Internet Shakespeare Editions

Author: William Shakespeare
Editor: Roger Apfelbaum
Peer Reviewed

Romeo and Juliet (Quarto 2, 1599)


of Romeo and Iuliet.
That one short minute giues me in her sight:
Do thou but close our hands with holy words,
Then loue-deuouring death do what he dare,
1400It is inough I may but call her mine.
Fri. These violent delights haue violent endes,
And in their triumph die like fier and powder:
Which as they kisse consume. The sweetest honey
Is loathsome in his owne deliciousnesse,
1405And in the taste confoundes the appetite.
Therefore loue moderately, long loue doth so,
Too swift arriues, as tardie as too slowe.

Enter Iuliet.
Here comes the Lady, Oh so light a foote
1410Will nere weare out the euerlasting flint,
A louer may bestride the gossamours,
That ydeles in the wanton sommer ayre,
And yet not fall, so light is vanitie.
Iu. Good euen to my ghostly confessor.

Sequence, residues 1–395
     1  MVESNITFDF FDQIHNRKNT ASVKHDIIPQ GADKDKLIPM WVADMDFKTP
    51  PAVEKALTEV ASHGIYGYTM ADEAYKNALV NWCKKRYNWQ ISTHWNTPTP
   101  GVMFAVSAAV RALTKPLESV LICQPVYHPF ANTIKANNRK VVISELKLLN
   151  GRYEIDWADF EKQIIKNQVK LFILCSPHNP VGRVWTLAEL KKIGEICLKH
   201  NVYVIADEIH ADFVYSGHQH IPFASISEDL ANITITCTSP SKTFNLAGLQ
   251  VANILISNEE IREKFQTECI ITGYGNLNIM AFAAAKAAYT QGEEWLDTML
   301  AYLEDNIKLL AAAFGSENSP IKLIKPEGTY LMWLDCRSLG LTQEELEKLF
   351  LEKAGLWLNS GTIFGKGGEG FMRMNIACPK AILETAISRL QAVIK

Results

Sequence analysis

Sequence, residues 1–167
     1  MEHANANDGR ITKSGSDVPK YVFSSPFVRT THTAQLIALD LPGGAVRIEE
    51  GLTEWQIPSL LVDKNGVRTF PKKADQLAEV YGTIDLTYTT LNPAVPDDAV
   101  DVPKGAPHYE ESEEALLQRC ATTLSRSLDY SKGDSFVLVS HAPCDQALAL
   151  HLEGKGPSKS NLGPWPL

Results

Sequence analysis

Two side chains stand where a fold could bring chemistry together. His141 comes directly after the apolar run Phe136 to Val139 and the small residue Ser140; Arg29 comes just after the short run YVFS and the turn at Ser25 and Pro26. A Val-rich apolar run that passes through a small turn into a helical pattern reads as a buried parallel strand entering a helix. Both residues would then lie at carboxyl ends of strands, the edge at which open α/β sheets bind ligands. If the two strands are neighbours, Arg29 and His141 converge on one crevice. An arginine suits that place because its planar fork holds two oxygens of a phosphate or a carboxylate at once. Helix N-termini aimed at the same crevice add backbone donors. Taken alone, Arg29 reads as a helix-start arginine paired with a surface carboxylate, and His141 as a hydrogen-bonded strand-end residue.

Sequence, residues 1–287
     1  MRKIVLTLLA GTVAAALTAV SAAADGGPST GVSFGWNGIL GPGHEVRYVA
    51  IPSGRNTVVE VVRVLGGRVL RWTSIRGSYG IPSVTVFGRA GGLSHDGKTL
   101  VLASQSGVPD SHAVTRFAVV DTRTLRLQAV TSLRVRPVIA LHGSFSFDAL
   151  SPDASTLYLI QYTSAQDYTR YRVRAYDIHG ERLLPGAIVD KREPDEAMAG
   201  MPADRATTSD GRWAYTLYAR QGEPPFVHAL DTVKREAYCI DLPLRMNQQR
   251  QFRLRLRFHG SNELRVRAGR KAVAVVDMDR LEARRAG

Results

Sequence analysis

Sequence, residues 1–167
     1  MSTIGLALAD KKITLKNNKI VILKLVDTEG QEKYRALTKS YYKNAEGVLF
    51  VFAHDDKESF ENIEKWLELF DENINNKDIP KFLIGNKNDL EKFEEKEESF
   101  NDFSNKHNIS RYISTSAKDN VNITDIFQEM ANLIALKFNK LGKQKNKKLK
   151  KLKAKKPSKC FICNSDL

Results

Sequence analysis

1415 Fri. Romeo shall thanke thee daughter for vs both.
Iu. As much to him, else is his thankes too much.
Ro. Ah Iuliet, if the measure of thy ioy
Be heapt like mine, and that thy skill be more
To blason it, then sweeten with thy breath
1420This neighbour ayre and let rich musicke tongue,
Vnfold the imagind happines that both
Receiue in either, by this deare encounter.
Iu. Conceit more rich in matter then in words,
Brags of his substance, not of ornament,
1425They are but beggers that can count their worth,
But my true loue is growne to such excesse,
I cannot sum vp sum of halfe my wealth.
Fri. Come, come with me, and we will make short
For by your leaues, you shall not stay alone,
1430Till holy Church incorporate two in one.

F 2
Enter